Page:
Stupid power outage. I'm two and a half hours late for work and I've got much to do. Guess I need to get a battery powered alarm clock...or start using my Palm V's alarm to wake me.
"So it's nine o'clock on a Saturday night and I've got an entire box of Marshmallow Alpha-Bits spread out on the kitchen table." So now, when I'm home on a weekend evening with nothing better to do than read or sit in front of my computer, I won't feel so bad because at least I'm not analyzing letter frequencies in breakfast cereal. On the other hand, in a way, aren't we all just wondering where all the Gs are?
Yessir, you betcha, we've got some of the dumbest people ever living right here in Minnesota. Did you come for the Star Wars exhibit there, Earl? Have a seat, you big freaking knob.
One more site worth your while: Wireframe. Tasty Flash goodness that left me wondering how they did some of it (specifically how it was all aliased and without that diffuse "Flash glow" that everything else seems to have). Found at kiiroi.
On my walk to and from the parking lot at work, I pass by this dead squirrel lying on the grass. Each time I pass it, the squirrel looks a little more dead fer. You know, "that squirrel looks like it's been dead fer 3 months." "That squirrel looks like it's been dead fer 6 months." And so forth. (cue laugh track)
I'm just warning you in advance: prepare to spend at least an hour surfing the following links.
The results of I.D. magazine's 2000 Interactive Media Design Review are out (I'd throw in a link here, but the results are not on their Web site yet...tsk tsk) and there are a few sites of note on the list:
Willing to Try, a site previously featured on kottke.org, is one of the neatest interactive sites I've seen in a long while and is very deserving of its award.
I'm sure the stuff at Jump Stuff, a silver winner, is quite nice, but I found their site confusing. Very pretty, but confusing and poorly organized.
Chat circles is an interesting chat app that uses distance to control your interaction with others in the room.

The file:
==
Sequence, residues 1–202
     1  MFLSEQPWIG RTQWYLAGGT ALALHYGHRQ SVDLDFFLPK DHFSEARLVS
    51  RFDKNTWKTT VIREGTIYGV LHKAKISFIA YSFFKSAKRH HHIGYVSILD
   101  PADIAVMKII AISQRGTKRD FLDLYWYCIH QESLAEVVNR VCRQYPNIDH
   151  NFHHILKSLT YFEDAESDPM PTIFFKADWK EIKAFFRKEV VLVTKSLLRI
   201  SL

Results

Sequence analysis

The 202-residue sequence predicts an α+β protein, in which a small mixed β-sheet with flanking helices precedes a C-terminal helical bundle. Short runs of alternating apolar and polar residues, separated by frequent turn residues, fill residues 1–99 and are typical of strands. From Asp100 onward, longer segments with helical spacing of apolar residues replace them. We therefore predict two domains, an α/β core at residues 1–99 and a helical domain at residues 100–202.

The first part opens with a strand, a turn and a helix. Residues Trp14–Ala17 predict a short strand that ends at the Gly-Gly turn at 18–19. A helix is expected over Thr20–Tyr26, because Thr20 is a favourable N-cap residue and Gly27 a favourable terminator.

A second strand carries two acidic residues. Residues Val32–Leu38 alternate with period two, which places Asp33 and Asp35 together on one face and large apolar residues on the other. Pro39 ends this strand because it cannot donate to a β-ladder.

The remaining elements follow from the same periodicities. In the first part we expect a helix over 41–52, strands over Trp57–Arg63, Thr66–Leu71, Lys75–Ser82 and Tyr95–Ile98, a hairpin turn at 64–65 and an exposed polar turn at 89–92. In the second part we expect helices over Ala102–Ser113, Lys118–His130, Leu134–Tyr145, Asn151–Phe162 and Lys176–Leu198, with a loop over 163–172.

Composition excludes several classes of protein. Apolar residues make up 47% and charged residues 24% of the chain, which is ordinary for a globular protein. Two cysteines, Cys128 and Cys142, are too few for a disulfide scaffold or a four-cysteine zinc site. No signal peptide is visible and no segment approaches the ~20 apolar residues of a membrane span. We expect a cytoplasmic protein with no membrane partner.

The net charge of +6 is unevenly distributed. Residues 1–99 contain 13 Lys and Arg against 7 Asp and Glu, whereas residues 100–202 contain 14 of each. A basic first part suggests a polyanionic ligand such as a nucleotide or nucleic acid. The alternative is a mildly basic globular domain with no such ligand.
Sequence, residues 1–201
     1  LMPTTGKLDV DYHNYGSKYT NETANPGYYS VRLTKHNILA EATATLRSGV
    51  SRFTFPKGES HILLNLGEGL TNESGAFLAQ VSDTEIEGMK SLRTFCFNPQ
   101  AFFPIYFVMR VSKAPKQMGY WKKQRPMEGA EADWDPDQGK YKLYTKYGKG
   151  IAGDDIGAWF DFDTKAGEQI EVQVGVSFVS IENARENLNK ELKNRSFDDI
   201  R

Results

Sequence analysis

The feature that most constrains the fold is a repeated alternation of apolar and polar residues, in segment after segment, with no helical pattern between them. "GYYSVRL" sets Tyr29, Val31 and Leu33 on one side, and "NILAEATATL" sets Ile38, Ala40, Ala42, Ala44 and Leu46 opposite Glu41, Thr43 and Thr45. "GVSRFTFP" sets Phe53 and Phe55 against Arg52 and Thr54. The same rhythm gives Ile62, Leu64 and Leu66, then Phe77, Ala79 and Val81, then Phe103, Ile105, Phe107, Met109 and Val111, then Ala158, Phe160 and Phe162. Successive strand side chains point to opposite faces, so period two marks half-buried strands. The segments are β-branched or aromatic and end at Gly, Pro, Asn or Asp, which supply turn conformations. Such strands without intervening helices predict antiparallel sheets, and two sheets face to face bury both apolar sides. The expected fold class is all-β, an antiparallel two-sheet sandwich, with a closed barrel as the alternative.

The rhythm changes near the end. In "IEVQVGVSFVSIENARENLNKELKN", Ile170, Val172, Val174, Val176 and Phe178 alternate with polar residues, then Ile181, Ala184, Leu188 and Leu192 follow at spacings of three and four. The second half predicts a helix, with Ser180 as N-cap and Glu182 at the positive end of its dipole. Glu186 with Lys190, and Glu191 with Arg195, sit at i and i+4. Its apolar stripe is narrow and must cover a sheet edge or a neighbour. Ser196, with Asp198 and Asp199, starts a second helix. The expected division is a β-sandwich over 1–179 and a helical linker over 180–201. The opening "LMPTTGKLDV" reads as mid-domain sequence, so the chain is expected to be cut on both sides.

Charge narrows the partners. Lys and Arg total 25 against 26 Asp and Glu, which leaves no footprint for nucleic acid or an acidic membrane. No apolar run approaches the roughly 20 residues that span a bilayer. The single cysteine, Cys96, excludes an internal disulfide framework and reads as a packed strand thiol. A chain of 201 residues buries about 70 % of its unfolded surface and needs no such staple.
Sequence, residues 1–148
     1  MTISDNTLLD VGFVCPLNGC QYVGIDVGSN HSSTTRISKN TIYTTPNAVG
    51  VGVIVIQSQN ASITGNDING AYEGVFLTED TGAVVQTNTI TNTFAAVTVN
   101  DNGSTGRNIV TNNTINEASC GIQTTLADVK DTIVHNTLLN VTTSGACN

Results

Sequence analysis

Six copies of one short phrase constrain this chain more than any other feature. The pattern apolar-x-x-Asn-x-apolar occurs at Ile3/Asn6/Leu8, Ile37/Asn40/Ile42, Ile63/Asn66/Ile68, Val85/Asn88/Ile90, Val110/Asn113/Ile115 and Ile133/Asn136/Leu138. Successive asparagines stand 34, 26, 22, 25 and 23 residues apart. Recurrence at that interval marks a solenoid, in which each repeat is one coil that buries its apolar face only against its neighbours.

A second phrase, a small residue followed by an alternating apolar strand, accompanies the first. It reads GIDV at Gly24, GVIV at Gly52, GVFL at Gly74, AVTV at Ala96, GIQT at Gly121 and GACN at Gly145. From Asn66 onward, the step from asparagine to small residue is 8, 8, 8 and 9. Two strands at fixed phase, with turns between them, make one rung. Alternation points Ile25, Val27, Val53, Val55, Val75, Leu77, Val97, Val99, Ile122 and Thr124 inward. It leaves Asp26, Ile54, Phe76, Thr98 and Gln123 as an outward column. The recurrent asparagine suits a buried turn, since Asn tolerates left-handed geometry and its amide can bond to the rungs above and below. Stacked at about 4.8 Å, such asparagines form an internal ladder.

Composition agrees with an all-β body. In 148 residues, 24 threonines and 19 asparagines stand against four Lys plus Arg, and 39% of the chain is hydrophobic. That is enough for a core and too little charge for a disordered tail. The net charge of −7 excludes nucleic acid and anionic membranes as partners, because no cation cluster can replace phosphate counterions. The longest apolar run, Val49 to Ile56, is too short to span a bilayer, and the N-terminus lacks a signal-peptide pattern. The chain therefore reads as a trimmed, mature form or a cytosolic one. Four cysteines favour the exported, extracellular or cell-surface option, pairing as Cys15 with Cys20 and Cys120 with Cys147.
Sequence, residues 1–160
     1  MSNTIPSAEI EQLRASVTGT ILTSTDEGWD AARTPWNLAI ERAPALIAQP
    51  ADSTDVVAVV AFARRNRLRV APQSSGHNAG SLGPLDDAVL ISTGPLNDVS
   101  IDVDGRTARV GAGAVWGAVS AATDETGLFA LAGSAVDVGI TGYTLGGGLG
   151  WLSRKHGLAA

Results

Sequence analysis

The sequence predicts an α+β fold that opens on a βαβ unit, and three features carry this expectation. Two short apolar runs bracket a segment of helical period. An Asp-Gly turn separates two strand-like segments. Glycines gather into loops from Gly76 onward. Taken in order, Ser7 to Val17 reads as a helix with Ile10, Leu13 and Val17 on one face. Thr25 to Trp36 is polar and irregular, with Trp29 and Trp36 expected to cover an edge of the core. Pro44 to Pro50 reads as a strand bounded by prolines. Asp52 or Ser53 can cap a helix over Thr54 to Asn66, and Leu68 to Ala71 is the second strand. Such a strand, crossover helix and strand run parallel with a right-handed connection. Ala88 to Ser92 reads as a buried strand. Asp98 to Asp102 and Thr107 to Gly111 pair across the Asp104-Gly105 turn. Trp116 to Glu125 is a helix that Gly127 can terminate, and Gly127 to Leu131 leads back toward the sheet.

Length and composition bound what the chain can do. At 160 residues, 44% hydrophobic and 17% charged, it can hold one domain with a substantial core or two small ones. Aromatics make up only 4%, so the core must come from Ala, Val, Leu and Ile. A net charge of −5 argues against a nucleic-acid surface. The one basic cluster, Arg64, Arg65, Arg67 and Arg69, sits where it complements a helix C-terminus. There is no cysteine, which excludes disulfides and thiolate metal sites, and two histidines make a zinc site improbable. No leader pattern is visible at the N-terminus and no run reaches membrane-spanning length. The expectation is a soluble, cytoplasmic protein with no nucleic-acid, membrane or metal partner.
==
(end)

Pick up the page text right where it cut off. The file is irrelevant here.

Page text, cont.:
Newsmaps.com presents information in the form of topographical maps. To try it out, click on the "Global News" link on the left sidebar.
The World's Smallest Web Site reminds me a little of the 5K contest. It's surprising what can be communicated in a 100x100 pixel space.
Google got a silver for their "clean good looks, straight answers, and no advertising". While I admire the judges' focus on the utility of the site (which is unusual because eye candy usually wins out in publications like this), I'm frustrated that their less-than-perfect design (and I'm not talking solely about the visual design here) got such high marks. BTW, the credited designers are co-founders Larry Page, CEO and Sergey Brin, president. That explains a lot.
Some other sites featured are TEXT.URE, the Victoria and Albert Museum, the Lufthansa Systems Network, a presentation on the Principles of Graphic Design, and the Smile Project.
Update: I did a little URL hacking and it turns out ID does have the results on their site...it's just not linked in from the front page.
Ok, exploring the results on the ID site has turned up several other goodies from a chap @ MIT named Golan Levin: ribble, floo, splat, blebs, meshy, dakadaka and streamer. Wonderful stuff.
I apologize for all the links, but they were all so good that I couldn't help myself. Feel free to pass them on to other folks.
Happiness is my federal tax refund in my mailbox today.
A couple of weeks ago, I pointed out that these Hanson fans had "borrowed" my kottke.org design for their own purposes. I went back last night to see if they had changed it...they had not. However, the leading vote-getter in their search for a site tag line is now "The fan files page layout was stolen from kottke.org". Hee hee.
Amused that people write serious reviews of Burger King, I wrote my first Epinion in months: Burger King review title (insert bad pun here). When you're done reading the review, you can post or read some comments about it...something I find even more amusing: people reviewing a review of Burger King. When will it end?
Rumor has it that kottke.org was on CNN yesterday, something about my emoticons poll. Weird.
I turned on the teevee yesterday afternoon and saw a rock band playing on Pamela Anderson's ass. Perplexed, I shut it off and went about my day. I swear I'm not making this up.